New York Review of Books
February 22, 2018
Joseph Conrad’s heroes were often alone, and close to hostility and danger. Sometimes, when Conrad’s imagination was at its most fertile and his command of English at its most precise, the danger came darkly from within the self. At other times, however, it came from what could not be named. Conrad sought then to evoke rather than delineate, using something close to the language of prayer. While his imagination was content at times with the tiny, vivid, perfectly observed detail, it was also nourished by the need to suggest and symbolize. Like a poet, he often left the space in between strangely, alluringly vacant.
His own vague terms—words like “ineffable,” “infinite,” “mysterious,” “unknowable”—were as close as he could come to a sense of our fate in the world or the essence of the universe, a sense that reached beyond the time he described and beyond his characters’ circumstances. This idea of “beyond” satisfied something in his imagination. He worked as though between the intricate systems of a ship and the vague horizon of a vast sea.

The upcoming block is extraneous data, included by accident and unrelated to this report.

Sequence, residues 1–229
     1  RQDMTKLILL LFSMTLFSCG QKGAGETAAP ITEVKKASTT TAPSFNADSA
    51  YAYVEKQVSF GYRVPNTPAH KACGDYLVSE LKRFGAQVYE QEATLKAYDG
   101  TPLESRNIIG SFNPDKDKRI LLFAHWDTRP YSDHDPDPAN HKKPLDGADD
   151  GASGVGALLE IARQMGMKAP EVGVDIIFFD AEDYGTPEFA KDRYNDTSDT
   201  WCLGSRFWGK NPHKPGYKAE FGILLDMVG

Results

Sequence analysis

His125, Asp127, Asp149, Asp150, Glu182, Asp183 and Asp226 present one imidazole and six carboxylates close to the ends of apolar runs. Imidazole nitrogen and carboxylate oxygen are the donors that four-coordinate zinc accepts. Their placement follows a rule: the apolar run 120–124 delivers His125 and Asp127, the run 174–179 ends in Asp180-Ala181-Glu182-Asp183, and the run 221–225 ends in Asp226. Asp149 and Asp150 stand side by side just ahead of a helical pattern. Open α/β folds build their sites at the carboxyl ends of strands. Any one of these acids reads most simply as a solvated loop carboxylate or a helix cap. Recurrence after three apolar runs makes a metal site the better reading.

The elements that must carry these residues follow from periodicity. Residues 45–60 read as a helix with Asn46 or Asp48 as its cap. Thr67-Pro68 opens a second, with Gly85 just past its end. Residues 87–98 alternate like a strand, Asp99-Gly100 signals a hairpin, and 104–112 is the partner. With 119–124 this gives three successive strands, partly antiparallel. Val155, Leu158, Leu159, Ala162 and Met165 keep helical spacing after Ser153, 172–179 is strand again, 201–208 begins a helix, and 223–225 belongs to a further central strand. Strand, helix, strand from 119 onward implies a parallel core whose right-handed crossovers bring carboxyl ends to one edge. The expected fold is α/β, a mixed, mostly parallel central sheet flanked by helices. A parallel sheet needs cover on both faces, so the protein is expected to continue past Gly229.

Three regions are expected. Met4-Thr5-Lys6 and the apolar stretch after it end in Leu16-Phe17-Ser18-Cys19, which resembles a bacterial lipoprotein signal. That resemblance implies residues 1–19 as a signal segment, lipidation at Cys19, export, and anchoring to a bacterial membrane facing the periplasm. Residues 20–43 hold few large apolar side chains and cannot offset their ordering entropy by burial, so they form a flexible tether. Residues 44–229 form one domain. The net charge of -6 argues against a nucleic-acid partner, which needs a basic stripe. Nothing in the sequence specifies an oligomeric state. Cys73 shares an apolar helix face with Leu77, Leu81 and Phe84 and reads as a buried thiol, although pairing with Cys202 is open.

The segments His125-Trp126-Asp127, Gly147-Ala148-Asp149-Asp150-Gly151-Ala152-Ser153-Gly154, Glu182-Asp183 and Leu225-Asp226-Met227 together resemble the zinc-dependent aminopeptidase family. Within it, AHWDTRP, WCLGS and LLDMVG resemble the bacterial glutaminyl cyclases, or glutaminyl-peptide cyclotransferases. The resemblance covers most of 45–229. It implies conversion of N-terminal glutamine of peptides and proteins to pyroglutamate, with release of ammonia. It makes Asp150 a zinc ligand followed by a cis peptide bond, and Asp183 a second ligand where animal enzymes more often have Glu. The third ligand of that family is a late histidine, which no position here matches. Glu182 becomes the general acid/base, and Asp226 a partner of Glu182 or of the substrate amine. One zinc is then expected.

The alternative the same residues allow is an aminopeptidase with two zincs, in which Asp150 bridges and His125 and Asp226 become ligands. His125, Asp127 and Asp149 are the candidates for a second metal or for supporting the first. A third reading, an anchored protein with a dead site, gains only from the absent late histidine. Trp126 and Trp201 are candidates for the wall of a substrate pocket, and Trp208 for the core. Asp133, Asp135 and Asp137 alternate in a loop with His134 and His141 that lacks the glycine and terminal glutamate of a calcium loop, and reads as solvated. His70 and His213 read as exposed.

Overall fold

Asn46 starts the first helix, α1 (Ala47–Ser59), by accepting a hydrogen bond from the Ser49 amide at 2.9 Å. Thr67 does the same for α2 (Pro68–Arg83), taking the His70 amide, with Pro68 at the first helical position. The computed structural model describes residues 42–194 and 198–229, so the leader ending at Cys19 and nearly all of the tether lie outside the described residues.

This irreconcilable distance between what was precise and what was shimmering made him much more than a novelist of adventure, a chronicler of the issues that haunted his time, or a writer who dramatized moral questions. This left him open to interpretation—and indeed attack. In the mid-1970s, two of the most prominent novelists of the age, V.S. Naipaul and Chinua Achebe, set their sights on Conrad, the first in an essay called “Conrad’s Darkness and Mine” and the other in “An Image of Africa: Racism in Conrad’s Heart of Darkness.”
Naipaul’s problems with Conrad are essentially stylistic and formal, arising from Conrad’s “unwillingness to let the story speak for itself, this anxiety to draw all the mystery out of a straightforward situation.” Naipaul sees no great virtue in Lord Jim, The Secret Agent, Under Western Eyes, or Victory: “A multiplicity of Conrads, and they all seemed to me to be flawed…. The Conrad novel was like a simple film with an elaborate commentary.” As he contemplates some of Conrad’s fiction, Naipaul writes witheringly, “I had read other stories of lonely white men going mad in hot countries.” Thus, he continues, the story of Kurtz in Heart of Darkness, “the upriver ivory agent, who is led to primitivism and lunacy by his unlimited power over primitive men, was lost on me.”